Over the past 17 days, over 200 million television viewers watched as Olympic athletes embraced the uncertainty of competition and emerged victorious – medaled or not. Tested again and again with the stress of poor conditions, injuries, bad luck and heart-breaking tragedy, they kept going. And we watched in record numbers. Why?
Could it be that this year we need a little extra help with hope? A few new strategies to keep going in the face of uncertainty? Some reminders to rely on each other when things get tough?
The Olympic athletes showed us that achievement requires not only skill, but courage and action. Like skier who flies out of the gate and heads down a long and treacherous ski slope covered in blinding fog at breakneck speeds.
Right now Charlottesville – individually, organizationally and as a community – is like that Olympic athlete at the top of the mountain. Stress and anxiety are all around. Nearly every media report talks about the area’s uncertainty – to buy, to build, to hire…to risk.
What can Charlottesville do to embrace the uncertainty and stress that face us and emerge victorious in our economic Olympic race? Listen to some of the folks who were there in Vancouver:
- If you want to take those kinds of risks that open yourself up to be emotionally attached and really get built up about the Olympics; and if you’re willing to do that - to put yourself through that every time -- it does open the door for a truly inspirational performance that’s above and beyond what you could do under any other circumstance.
- Bode Miller, 3 medal winner, alpine skiing, on inspiration and performance
- I’ve never seen someone get to a major event and not compete because they’re scared. You keep your inner fears to yourself and do it. I think he’ll regret this decision for the rest of his life.
- Netherlands bobsled coach Tom de la Hunty on his pilot’s decision to withdraw from the event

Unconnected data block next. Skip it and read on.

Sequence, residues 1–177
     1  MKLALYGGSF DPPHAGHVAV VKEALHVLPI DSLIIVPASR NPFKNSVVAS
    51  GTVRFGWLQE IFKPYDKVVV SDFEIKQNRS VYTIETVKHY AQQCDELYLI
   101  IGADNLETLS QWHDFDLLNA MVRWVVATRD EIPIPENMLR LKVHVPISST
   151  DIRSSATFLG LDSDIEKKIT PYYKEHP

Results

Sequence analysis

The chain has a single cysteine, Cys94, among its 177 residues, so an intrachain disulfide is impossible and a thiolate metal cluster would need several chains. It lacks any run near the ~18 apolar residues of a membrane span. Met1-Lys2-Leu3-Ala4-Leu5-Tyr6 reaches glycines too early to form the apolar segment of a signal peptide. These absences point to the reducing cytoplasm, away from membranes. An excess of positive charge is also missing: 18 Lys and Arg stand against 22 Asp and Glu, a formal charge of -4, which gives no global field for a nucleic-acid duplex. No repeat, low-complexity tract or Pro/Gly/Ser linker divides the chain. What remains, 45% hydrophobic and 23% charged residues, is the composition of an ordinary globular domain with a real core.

- I’m thankful I had the team around me. All of the hard work and dedication paid off.
- Tessa Virtue, Canadian gold medalist, ice dancing, on her pair's victory
- I'm taking more risk than everyone else. That's partly why I'm able to get medals. It looks easy when you make it....I take everything with a grain of salt. There are a million variables. I am willing to deal with the consequences, when a lot of guys aren't willing to deal with those consequences. So they don't take the risk.
- Bode Miller, on winning and risk
- He's probably the most talented person on a ski jump, and probably in history. But the fact that he still works … that hard at it …shows that he doesn't take it for granted."
- Anders Johnson on 3 medal winner Austrian ski jumper Greg Schlierenzauer
- The race is never over until I cross that line, so I had to dig deep to find extra speed and extra strength and I was very happy with how I was able to come back, especially from last place.
- 3 medal winner Apolo Ohno, on the 1000m short track speedskating event
- The best way I can describe it is to go up onto the thirtieth floor of any building, and then get in the car and drive that car off the top roof, and then land safely. That is pretty much what it is."
- American Todd Lodwick on real-life comparisons to ski jumping
We can do this.
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Emily Bardeen of emilyoncareers.com is a career and workforce development advisor to individuals and organizations. If you have a question or would like to discuss your career, job search or organization's workforce goals, contact Emily at email@example.com.